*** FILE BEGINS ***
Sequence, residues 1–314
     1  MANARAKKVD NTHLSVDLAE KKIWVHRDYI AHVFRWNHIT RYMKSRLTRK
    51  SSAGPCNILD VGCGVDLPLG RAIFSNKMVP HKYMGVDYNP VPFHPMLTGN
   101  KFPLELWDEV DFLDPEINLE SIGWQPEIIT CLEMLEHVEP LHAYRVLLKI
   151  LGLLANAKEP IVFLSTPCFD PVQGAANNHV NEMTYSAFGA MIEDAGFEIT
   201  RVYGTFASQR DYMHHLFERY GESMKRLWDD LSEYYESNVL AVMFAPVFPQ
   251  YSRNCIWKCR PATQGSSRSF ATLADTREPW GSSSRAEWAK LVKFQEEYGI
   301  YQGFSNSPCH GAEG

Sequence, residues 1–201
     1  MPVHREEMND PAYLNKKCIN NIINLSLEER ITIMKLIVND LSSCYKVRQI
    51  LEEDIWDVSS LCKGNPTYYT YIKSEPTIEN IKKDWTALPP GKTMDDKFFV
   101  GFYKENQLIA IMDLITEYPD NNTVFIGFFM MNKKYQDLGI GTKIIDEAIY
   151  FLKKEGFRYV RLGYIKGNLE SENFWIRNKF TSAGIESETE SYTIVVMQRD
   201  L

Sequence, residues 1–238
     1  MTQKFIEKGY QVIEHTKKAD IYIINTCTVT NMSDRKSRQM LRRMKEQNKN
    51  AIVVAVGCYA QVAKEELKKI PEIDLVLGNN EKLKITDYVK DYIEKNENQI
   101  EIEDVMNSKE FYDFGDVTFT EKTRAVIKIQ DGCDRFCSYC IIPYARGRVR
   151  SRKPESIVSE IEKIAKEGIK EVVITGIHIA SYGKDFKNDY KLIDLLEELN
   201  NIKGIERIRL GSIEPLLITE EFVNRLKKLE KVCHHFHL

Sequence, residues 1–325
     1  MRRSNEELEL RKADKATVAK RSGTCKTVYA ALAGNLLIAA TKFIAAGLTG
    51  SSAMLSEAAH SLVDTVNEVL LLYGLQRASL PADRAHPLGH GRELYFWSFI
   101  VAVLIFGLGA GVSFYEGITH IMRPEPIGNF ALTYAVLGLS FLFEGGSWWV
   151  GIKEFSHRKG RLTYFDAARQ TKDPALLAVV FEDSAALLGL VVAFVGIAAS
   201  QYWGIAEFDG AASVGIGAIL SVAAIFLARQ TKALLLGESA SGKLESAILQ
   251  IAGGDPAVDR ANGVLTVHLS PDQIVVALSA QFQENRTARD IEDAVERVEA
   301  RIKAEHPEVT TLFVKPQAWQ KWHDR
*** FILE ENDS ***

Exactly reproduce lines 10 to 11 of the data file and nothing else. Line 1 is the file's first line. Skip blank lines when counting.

     1  MPVHREEMND PAYLNKKCIN NIINLSLEER ITIMKLIVND LSSCYKVRQI
    51  LEEDIWDVSS LCKGNPTYYT YIKSEPTIEN IKKDWTALPP GKTMDDKFFV